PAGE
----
THREE DAYS after the arrest of two Sangli-based men, who claimed to have invested money in the ponzi schemes City Limouzines and City Realcom promoted by Sayed Masood, the police on Tuesday said that they allegedly decided to try their luck by filing bogus claims with the official liquidator appointed by the Bombay High Court after hearing that investors were being refunded.
Vikas Mhetre (49) and Vilas Dalvi (53), who were arrested from Sangli on Saturday, have been accused of colluding with the employees of the official liquidator to file backdated affidavits to claim refunds.
The two have been brought to Mumbai and booked on charges of cheating, forgery and being part of a criminal conspiracy under the IPC.
“The men do menial jobs in a village in Sangli. They had heard from other investors of City Limouzines and City Realcom that their claims were being processed in Mumbai. The men had lost Rs 5 lakh and Rs 7 lakh each in another Ponzi scheme and decided to pose as investors in City Limouzines to recover their lost investment,” said an officer at Azad Maidan police station.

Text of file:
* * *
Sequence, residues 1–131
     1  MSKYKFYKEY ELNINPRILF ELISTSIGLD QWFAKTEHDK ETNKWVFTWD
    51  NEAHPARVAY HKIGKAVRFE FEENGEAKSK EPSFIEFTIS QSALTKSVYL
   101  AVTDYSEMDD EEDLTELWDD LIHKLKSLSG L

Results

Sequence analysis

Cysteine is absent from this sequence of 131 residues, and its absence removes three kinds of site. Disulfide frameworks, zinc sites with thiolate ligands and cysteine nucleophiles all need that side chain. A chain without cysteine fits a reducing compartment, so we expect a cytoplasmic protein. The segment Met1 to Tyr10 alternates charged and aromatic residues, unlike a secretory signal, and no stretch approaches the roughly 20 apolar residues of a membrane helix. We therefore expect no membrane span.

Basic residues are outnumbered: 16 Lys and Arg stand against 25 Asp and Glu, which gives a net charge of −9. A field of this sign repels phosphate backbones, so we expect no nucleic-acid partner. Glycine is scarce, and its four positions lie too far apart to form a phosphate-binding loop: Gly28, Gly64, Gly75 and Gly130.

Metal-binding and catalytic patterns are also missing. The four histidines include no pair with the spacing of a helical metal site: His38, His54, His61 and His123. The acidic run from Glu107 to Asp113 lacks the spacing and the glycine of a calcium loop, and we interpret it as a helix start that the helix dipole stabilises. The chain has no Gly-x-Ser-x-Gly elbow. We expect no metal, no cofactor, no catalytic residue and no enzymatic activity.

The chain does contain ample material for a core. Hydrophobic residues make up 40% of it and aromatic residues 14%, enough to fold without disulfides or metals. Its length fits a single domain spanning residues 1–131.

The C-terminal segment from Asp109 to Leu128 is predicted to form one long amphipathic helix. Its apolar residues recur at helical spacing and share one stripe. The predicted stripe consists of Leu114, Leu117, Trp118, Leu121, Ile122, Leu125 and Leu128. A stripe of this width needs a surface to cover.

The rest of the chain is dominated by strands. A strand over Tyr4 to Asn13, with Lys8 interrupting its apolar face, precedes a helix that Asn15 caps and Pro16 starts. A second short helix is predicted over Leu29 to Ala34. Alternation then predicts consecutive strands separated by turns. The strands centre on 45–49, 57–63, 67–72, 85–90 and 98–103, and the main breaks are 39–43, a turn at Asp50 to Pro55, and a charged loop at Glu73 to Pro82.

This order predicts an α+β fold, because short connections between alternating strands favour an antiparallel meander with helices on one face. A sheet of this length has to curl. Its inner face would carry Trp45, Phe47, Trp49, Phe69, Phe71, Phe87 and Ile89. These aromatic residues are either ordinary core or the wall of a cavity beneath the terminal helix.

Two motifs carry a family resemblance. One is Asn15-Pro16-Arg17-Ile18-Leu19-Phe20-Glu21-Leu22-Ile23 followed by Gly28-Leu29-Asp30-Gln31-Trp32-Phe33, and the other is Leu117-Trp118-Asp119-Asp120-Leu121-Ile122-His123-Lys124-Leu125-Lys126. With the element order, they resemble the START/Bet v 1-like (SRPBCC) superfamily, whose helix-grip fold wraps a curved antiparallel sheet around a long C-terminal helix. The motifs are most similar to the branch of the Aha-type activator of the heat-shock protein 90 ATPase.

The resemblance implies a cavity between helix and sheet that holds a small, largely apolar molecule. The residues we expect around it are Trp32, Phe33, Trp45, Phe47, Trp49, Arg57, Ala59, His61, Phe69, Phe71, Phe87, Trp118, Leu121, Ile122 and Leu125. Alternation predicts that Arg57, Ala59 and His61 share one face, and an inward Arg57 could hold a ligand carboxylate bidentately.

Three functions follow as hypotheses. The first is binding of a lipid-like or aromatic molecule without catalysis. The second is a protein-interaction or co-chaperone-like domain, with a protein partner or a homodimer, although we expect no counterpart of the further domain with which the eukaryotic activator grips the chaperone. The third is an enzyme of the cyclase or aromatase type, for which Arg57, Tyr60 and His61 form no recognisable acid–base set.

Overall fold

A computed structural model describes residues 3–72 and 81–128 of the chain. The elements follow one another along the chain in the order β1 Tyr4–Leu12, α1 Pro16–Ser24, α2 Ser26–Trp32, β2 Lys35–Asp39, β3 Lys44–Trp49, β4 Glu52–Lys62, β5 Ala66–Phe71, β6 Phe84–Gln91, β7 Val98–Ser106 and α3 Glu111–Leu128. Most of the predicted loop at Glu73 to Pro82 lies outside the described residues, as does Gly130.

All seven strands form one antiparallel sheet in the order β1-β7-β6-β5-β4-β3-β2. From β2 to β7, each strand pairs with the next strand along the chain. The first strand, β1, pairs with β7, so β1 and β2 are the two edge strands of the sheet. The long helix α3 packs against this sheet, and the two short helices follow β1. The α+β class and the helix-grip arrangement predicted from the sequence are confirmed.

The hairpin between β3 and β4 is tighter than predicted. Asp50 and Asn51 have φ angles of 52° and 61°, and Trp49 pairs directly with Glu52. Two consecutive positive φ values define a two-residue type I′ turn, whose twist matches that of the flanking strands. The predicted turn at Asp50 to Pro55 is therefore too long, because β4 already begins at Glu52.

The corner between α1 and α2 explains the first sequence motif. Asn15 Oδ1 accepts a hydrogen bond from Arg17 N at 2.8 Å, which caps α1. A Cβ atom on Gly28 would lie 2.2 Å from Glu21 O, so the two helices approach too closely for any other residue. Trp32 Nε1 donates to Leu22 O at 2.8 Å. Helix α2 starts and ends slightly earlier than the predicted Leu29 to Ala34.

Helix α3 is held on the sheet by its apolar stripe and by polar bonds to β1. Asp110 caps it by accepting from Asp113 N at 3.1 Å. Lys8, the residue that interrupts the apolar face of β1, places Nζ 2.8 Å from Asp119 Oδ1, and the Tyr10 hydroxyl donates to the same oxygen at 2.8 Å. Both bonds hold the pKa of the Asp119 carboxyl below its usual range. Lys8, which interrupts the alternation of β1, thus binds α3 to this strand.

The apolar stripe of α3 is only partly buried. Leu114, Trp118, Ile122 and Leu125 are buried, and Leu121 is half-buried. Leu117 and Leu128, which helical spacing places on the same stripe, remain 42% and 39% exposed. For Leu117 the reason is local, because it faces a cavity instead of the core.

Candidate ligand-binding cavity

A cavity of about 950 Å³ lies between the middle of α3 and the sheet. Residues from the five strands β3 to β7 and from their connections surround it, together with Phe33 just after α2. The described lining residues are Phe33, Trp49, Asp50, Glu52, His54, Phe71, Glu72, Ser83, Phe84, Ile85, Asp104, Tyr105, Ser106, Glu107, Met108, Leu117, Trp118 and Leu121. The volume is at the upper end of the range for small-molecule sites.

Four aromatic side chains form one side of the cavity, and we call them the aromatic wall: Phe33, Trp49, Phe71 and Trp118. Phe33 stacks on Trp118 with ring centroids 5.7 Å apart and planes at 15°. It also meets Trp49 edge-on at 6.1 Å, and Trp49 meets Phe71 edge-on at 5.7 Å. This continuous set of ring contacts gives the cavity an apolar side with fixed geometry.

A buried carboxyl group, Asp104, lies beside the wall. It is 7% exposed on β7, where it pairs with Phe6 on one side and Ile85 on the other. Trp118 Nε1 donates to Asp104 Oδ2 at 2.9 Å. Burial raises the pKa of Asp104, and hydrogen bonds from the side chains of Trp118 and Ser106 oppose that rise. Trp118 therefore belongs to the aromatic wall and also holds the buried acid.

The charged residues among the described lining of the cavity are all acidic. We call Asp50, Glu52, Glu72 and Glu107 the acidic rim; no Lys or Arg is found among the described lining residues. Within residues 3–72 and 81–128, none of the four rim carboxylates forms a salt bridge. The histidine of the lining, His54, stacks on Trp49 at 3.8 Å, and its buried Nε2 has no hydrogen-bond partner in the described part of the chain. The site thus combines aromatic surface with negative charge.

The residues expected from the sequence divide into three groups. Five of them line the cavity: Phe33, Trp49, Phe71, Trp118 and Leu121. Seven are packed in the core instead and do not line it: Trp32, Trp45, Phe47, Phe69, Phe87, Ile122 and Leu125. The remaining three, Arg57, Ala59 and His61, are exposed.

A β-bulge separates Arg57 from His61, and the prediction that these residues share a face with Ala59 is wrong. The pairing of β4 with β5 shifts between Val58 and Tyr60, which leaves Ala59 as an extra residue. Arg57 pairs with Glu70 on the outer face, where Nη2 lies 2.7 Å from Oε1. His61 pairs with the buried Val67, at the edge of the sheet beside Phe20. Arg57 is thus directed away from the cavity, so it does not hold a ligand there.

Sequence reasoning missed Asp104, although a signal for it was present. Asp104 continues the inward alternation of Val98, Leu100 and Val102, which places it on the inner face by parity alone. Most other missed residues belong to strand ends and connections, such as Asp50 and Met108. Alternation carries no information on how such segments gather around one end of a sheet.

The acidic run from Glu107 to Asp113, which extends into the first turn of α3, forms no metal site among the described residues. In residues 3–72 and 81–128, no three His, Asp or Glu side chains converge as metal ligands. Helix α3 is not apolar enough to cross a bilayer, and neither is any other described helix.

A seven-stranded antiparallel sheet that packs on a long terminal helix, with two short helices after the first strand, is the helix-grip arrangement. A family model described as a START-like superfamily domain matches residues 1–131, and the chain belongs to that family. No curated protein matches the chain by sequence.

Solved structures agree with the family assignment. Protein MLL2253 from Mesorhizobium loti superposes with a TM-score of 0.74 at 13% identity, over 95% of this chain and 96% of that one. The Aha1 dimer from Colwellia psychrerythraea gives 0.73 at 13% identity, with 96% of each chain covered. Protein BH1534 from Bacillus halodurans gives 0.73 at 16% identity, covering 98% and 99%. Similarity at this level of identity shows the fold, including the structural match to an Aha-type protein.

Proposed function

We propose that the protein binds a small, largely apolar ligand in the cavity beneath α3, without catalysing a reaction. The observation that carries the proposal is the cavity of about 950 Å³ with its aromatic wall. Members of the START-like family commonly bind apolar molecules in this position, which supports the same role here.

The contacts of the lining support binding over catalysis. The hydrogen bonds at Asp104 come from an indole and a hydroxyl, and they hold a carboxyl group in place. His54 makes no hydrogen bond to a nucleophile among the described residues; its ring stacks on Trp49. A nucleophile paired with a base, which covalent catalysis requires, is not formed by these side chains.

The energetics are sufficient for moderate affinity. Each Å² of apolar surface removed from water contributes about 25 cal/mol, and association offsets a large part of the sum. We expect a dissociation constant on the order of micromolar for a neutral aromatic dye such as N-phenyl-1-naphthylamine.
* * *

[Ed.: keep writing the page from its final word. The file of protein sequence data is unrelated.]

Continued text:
Mhetre and Dalvi went to Mumbai in 2015 and met three employees — guards Gopal Bagul and Santosh Chavan and clerk Keshav Satpute — at the liquidator’s office.
They advised the duo to file backdated claim forms to stand a chance to make more money than they had lost.
The three employees, arrested in February this year, have been accused of accepting Rs 7,000 each from 25 investors to file bogus claim affidavits with help of a chartered accountant and to “manage” senior officials handling refund claims at the office.
A number of investors, including Sangli resident Ramdas Yadav — who had lost Rs 1.2 lakh in the firms promoted by Syed Masood — had written to the liquidator’s office in 2016, a year after paying off the trio and not receiving the money they had been promised. In the complaint, the three were also accused of demanding more money to process the claims.
Following this, officials at the liquidator’s office conducted an internal inquiry and found preliminary culpability on part of the three and registered a complaint with the police in February.
While perusing the affidavits filed by the investors, the police found that those filed by Mhetre and Dalvi were bogus.